According to a blog post by open source proponent Eric Raymond, Microsoft is finally ready to abandon the old relic called Windows, which no longer generates enough revenue to be anything more than a “sideshow” in the company. Raymond says that now that Azure is making so much more money than Windows, Azure will replace Windows with Linux, which will run a layer of emulation to keep it compatible with older apps.
The only problem is that none of this is true. Despite stagnant growth, Windows revenue is still one of Microsoft’s most profitable parts. Azure will surpass that one day, but that day is not today. Even so, Raymond believes that the more this happens, the less Windows is a priority for Microsoft and, in the end, Windows development just doesn̵
“From a cold-blooded profit-maximizing perspective, this means that continuing Windows development is one thing Microsoft would prefer not to do. Instead, invest more capital in Azure – it is widely rumored that there are more Linux instances running than Windows these days . “
The speculation that Microsoft cares less about Windows than it used to (it’s not even really speculation) is not new, and it is clear that the company will care even less across the board. But Raymond doesn’t just take Microsoft’s finances as evidence. he looks for clues that lie directly in front of us. These pointers are, as you guessed, the Windows Subsystem for Linux and Microsoft’s Edge Browser for Linux.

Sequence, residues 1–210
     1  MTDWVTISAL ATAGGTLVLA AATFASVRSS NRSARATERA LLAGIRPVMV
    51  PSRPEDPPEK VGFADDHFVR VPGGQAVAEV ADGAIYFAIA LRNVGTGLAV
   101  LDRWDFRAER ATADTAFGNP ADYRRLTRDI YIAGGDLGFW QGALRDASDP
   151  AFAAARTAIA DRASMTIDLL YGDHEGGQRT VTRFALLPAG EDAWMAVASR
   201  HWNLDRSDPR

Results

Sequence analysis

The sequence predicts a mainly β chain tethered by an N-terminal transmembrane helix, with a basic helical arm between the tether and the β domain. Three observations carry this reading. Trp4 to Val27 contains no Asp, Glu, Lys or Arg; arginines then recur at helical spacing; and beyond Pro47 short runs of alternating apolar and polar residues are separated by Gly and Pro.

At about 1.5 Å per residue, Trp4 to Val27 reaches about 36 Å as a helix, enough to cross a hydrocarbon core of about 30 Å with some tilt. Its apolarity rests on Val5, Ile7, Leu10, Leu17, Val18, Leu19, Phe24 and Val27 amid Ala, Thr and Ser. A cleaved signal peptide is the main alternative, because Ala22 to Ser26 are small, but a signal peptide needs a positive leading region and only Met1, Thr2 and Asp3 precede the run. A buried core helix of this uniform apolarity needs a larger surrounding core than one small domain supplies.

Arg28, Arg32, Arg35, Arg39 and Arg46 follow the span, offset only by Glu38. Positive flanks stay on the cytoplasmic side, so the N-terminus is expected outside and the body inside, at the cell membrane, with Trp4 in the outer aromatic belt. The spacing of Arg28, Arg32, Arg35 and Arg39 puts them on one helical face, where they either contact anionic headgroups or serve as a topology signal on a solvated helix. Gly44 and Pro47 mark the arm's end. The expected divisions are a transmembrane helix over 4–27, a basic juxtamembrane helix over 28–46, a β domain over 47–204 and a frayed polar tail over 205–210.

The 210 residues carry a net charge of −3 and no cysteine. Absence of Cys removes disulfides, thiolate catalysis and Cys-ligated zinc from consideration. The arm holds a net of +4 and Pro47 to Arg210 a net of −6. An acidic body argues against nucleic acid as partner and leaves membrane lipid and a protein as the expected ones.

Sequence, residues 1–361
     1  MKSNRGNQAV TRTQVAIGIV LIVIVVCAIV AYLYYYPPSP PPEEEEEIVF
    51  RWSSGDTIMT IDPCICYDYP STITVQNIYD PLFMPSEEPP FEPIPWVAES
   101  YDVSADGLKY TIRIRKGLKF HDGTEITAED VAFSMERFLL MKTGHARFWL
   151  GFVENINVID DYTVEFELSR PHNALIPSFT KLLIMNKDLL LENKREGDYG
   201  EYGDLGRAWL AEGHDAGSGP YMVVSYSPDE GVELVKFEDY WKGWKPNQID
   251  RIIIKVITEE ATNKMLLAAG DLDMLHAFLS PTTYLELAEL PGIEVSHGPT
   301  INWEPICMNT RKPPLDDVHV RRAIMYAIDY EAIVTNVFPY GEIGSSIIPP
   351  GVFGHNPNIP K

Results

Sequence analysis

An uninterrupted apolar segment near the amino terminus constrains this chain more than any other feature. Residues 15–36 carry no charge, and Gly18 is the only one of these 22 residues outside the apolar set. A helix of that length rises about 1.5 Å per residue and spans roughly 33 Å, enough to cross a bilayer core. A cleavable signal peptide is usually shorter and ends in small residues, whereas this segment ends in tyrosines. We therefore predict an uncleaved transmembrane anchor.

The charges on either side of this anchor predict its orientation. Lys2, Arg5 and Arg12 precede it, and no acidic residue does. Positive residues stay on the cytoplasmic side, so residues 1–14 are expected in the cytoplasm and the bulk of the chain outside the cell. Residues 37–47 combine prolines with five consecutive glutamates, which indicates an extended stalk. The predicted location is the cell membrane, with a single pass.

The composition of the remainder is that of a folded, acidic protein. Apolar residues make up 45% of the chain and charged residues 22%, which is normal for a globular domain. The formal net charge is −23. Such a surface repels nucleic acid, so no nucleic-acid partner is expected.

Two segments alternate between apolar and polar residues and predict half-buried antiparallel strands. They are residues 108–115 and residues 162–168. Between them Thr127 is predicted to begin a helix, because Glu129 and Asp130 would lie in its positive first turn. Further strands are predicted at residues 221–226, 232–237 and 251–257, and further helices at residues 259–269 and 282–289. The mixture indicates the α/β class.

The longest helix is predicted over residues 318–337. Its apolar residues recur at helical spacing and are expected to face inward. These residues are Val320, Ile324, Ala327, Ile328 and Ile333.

The latter is actually pretty straightforward to explain since it took so little work to bring Edge to Linux. Edge is now based on Chromium and therefore supports all platforms supported by Chromium. What probably should have been more notable is that Microsoft built Edge primarily out of Chromium, rather than evolving its own internal browser. The story of how Edge was rebuilt is pretty similar to what Raymond will tell with Windows.
“If you think this is a fantasy, think again. The best evidence that it is already planned is that Microsoft has already ported Edge to run on Linux. There is only one way, the meaning makes, as a test run for the share. The rest of the Windows utility suite depends on the emulation level. “
Windows now ships with a Linux kernel with the latest Windows subsystem for Linux. As mentioned in the blog post, Microsoft is contributing to Linux to improve the WSL.
All of this, Raymond believes, results in Microsoft rebuilding Windows from a Linux kernel with a Windows emulation layer. Developers can compile their apps to run natively, which Microsoft already does with Edge.
While he makes a compelling case for Microsoft wanting to do this, he doesn’t consider whether Microsoft does or not can do that. The Redmond company is known to be bad at bringing app developers on board for something they’re supposed to do. You can use Windows Phone or Windows on ARM as examples here. Nor is it shown to be great at emulation, as 32-bit emulation on ARM PCs and 64-bit emulation aren’t even great here.
What do you think? Is the Year of Desktop Linux Finally On The Way? Let us know in the comments!